The Japanese cabinet approved on Friday a bill that allow Emperor Akihito to abdicate, the first to do so in 200 years.
Citing his age and health, Akihito’s decision will allow his elder son Crown Prince Naruhito to ascend the Chrysanthemum Throne.
The 83-year-old emperor, who has had heart surgery and prostate cancer treatment, said in rare public remarks last year he feared age might make it hard for him to fulfill his duties.
He revived a longstanding debate in Japan over the issue of imperial succession in the 2,000-year-old monarchy.
Akihito was 56 years old when he ascended the throne in January 1989 after the death of his father, Emperor Hirohito. Naruhito is 57. He will be the first Japanese emperor to have received a university degree, from Oxford University.
A student of mediaeval transport who espouses environmental causes and has called for more men to be hands-on fathers, Naruhito defied palace officials to marry Masako Owada, a Harvard-and Oxford-educated diplomat.
Masako, 53, has suffered from depression brought on by the stress of palace life and demands she bear a royal heir, and her public appearances have been limited in recent years.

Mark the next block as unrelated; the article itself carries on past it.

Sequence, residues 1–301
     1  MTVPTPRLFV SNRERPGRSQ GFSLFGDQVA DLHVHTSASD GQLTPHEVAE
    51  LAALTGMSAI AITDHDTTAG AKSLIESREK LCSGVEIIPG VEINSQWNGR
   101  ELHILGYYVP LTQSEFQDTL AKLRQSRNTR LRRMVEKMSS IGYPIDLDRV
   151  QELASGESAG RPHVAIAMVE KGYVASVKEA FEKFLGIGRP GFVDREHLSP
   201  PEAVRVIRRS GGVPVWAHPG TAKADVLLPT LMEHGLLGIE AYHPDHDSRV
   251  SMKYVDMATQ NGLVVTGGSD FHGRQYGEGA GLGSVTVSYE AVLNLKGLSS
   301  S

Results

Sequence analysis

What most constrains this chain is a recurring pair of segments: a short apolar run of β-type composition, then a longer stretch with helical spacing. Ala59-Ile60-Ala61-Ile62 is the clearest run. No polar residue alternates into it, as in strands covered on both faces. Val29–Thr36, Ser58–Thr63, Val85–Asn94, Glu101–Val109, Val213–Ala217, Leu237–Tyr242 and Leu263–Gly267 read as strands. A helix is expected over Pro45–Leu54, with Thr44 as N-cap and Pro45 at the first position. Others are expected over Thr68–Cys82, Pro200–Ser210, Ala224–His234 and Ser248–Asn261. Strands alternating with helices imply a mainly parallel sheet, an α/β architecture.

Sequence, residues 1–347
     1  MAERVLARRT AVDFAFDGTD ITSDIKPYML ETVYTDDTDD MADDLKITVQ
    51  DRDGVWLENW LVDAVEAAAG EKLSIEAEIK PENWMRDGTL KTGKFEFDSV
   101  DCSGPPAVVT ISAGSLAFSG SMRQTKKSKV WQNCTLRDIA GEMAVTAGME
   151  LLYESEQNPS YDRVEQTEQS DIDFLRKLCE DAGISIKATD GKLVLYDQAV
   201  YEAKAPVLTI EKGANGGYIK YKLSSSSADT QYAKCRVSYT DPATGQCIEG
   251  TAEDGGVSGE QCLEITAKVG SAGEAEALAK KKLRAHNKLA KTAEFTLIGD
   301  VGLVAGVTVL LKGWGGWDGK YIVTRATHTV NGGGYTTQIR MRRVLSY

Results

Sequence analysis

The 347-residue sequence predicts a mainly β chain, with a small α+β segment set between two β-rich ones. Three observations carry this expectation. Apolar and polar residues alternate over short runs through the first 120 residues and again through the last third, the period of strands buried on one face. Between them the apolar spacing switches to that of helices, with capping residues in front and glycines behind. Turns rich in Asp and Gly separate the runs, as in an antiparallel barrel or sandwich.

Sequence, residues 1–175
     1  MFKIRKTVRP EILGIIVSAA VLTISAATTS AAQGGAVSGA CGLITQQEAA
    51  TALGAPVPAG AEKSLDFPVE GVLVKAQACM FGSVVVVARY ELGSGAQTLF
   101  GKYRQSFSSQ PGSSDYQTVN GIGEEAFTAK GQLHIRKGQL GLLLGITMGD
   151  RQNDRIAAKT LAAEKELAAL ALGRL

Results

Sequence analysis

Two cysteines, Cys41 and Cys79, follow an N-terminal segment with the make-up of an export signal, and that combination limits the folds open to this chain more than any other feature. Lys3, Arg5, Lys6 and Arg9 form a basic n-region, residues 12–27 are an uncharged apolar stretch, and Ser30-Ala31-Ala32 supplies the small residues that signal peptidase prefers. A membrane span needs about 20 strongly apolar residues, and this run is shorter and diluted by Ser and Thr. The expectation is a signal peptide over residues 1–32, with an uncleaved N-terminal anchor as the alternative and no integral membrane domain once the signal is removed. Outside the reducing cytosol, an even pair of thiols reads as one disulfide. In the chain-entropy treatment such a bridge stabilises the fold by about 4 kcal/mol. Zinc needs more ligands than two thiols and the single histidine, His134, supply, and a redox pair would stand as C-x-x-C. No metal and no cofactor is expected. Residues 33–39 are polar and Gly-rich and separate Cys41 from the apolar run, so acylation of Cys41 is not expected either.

Women cannot succeed to the Chrysanthemum Throne, and the government has avoided divisive issues such as whether women should be included in the current male-only succession.
The only child of Naruhito is a girl. His younger brother Prince Akishino has a young son and two daughters.
The shrinking royal family will lose another member with the coming marriage of Princess Mako, one of Akishino’s daughters. When she marries a commoner, she will become one herself.
Chief government spokesman Yoshihide Suga told reporters he expected smooth passage of the abdication bill, which would only apply to Akihito. Media reports have said officials are considering his abdication at the end of 2018, when Akihito turns 85 and marks 30 years on the throne. Suga refused to comment on timing and other details of the legislation.
The legislation for Akihito’s case was needed because the Imperial House Law does not provide for abdication. The last emperor to abdicate was Kokaku in 1817.
Akihito has sought to soothe the wounds at home and abroad of World War Two, which was fought in his father Hirohito’s name, and to bring the imperial family closer to the Japanese people.